Two new faculty members and an infusion of $21 million in federal funds at the UCSF Comprehensive Cancer Center are contributing new energy to its pursuit of excellence in cancer treatment, research and education.
The National Cancer Institute (NCI) awarded the Cancer Center Support Grant earlier this year. The grant supports UCSF’s scientific discovery and the translation of that knowledge for the benefit of patients. The award, as well as the designation as a Comprehensive Cancer Center, reflect the NCI’s confidence that UCSF exhibits excellence in cancer research that bridges three scientific areas: laboratory investigation, clinical research, and population research.
The UCSF Comprehensive Cancer Center has recently hired two leaders in the area of population-based research. Joining the faculty as director of Population Sciences is Robert Hiatt, MD, PhD. Hiatt comes to UCSF from the NCI, where he has been deputy director of the Division of Cancer Control and Population Sciences since 1998. Prior to that, Hiatt was director of Prevention Sciences at the Northern California Cancer Center and also assistant director for Epidemiology and the Division of Research, Kaiser Permanente of Northern California. Hiatt, who will assume his position of professor of Epidemiology and Biostatistics in 2003, will be part of the executive leadership of the UCSF Comprehensive Cancer Center.
Rena Pasick, DrPH, has accepted the new position of associate director for education and outreach. Pasick served most recently as director of Prevention Sciences and as a research scientist at the Northern California Cancer Center, where she has been based since 1989. A UCSF associate professor of medicine, Pasick is responsible for coordination of activity in cancer education, communication and outreach.
“The addition of Robert Hiatt to our leadership is of tremendous importance to the Cancer Center and to the Bay Area,” said UCSF Comprehensive Cancer Center Director Frank McCormick, PhD, FRS. “Because of the extraordinary diversity of the population in Northern California, ours is one of the country’s most valuable areas for conducting cancer-related epidemiological and prevention-and-control research.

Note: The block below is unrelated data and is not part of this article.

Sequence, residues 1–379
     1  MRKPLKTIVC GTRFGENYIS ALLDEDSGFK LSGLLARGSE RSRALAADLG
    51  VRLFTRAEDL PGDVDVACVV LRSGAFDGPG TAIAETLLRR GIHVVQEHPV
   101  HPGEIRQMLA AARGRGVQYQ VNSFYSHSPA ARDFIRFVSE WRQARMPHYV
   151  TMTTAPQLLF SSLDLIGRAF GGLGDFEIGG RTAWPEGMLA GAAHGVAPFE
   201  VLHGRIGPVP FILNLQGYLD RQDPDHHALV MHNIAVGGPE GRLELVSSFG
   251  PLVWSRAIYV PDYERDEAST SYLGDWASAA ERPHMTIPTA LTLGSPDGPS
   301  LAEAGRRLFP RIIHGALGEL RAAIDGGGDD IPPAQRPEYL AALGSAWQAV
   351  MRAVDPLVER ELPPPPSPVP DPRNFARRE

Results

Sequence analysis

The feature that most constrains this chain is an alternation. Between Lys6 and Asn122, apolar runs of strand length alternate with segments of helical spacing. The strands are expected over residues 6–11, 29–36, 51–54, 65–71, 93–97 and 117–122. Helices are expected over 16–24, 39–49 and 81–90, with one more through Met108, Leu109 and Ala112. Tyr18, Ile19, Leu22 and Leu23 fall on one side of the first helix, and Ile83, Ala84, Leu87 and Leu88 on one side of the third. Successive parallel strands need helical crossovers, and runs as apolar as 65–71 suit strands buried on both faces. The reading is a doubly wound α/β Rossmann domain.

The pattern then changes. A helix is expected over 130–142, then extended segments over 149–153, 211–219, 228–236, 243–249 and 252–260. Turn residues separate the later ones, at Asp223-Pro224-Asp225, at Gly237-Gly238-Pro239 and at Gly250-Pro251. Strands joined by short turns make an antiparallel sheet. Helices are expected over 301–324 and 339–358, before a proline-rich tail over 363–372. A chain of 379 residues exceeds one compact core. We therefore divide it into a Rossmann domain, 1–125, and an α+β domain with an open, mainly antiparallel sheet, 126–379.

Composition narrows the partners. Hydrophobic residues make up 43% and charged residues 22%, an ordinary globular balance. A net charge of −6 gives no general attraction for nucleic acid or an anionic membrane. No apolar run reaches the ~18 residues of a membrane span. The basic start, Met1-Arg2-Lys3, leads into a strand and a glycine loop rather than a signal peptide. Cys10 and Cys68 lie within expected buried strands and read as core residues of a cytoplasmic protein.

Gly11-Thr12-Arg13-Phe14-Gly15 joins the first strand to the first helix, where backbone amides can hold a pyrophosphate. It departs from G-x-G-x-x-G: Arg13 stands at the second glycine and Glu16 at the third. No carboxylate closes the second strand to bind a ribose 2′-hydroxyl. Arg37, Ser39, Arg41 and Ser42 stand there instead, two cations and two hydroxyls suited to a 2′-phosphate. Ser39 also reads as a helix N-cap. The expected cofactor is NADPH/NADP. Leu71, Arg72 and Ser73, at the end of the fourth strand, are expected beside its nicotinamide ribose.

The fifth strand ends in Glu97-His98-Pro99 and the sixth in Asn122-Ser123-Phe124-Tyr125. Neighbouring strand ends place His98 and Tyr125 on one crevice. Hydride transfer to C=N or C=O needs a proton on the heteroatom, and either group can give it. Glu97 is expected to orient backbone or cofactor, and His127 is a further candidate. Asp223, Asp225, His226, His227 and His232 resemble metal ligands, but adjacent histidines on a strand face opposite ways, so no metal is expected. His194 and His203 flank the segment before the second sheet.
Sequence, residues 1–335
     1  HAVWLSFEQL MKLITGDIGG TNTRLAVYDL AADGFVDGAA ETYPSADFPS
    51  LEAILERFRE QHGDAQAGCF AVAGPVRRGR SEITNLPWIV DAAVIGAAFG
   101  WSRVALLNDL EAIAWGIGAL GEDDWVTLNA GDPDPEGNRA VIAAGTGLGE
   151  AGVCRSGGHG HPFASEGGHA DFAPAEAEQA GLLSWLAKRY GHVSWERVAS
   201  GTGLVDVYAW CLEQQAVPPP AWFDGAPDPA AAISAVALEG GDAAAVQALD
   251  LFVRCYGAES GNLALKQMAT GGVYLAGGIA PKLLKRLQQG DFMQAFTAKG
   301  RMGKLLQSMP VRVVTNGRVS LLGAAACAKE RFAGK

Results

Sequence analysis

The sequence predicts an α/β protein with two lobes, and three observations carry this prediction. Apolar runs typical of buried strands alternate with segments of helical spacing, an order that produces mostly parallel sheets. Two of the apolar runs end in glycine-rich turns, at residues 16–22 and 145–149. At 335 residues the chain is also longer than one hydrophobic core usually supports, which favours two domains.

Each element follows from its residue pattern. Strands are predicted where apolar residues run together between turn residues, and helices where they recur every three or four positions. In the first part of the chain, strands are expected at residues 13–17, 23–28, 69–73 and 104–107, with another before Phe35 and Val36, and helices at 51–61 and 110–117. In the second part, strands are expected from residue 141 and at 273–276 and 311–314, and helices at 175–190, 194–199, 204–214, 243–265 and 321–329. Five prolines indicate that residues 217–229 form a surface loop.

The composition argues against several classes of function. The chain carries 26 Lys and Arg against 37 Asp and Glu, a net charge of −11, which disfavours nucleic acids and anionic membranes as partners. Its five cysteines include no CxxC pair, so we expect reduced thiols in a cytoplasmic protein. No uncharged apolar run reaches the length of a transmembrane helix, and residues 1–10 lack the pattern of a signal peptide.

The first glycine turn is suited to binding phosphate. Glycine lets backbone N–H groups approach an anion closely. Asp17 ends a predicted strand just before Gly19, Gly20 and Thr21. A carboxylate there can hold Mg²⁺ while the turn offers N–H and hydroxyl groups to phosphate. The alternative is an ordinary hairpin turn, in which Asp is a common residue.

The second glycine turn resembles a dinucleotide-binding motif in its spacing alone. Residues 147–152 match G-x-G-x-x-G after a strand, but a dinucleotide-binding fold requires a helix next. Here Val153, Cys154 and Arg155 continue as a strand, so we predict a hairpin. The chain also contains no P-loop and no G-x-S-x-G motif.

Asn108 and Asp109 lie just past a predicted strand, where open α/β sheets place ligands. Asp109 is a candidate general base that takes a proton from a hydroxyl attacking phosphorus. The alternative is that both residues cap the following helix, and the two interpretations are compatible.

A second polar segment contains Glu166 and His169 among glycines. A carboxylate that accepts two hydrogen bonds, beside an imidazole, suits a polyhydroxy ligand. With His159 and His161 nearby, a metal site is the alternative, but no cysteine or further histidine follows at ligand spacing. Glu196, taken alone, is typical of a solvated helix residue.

With Drs. Pasick and Hiatt we’re poised to achieve greater progress in understanding cancer from a population perspective.”
The NCI is currently devoting increasing resources to newly emerging areas of opportunity, such as cancer prevention, that rely more heavily on population science. In its award letter the NCI said it expects funded cancer centers to give greater emphasis to the particular challenges presented by special populations.
For example, African Americans, whites and Hispanics reported very different beliefs about the safety and value of experimental treatments in a Harris Interactive survey released in March 2002. The survey showed that only nine percent of African Americans said they were “very confident” that treatments were tested in humans only after there is good evidence they are likely to be safe and effective. Among Hispanics and whites 26 percent expressed the same level of confidence.
The NCI stated that the disproportionate burden of cancer in certain ethnic minority groups is poorly understood and therefore in need of research attention. The UCSF Comprehensive Cancer Center has taken several steps to address that need, including a new study of how culture affects cancer treatment at both San Francisco General Hospital Medical Center and the UCSF Medical Center. With funding from the Mount Zion Health Fund, Daniel Dohan, PhD is observing doctor-patient interactions. His findings may help inform future medical education efforts, health delivery systems design, and patient education tools to better account for cultural differences. Dohan, a sociologist, is an adjunct assistant professor at the UCSF Institute for Health Policy Studies.
The UCSF Comprehensive Cancer Center has also recently formed a community liaison board with representation from leaders in the Bay Area’s ethnic minority communities. The board will be charged with developing a strategic plan as well as reviewing the Cancer Center’s progress toward the full inclusion of ethnic minorities in clinical trials and other research.
The UCSF Comprehensive Cancer Center is an interdisciplinary initiative that combines basic science, clinical research, epidemiology/cancer control, and patient care throughout the University of California, San Francisco. The Center’s mission is the discovery and evolution of new ideas and information about cancer, from the research to the clinical implementation phases of cancer control.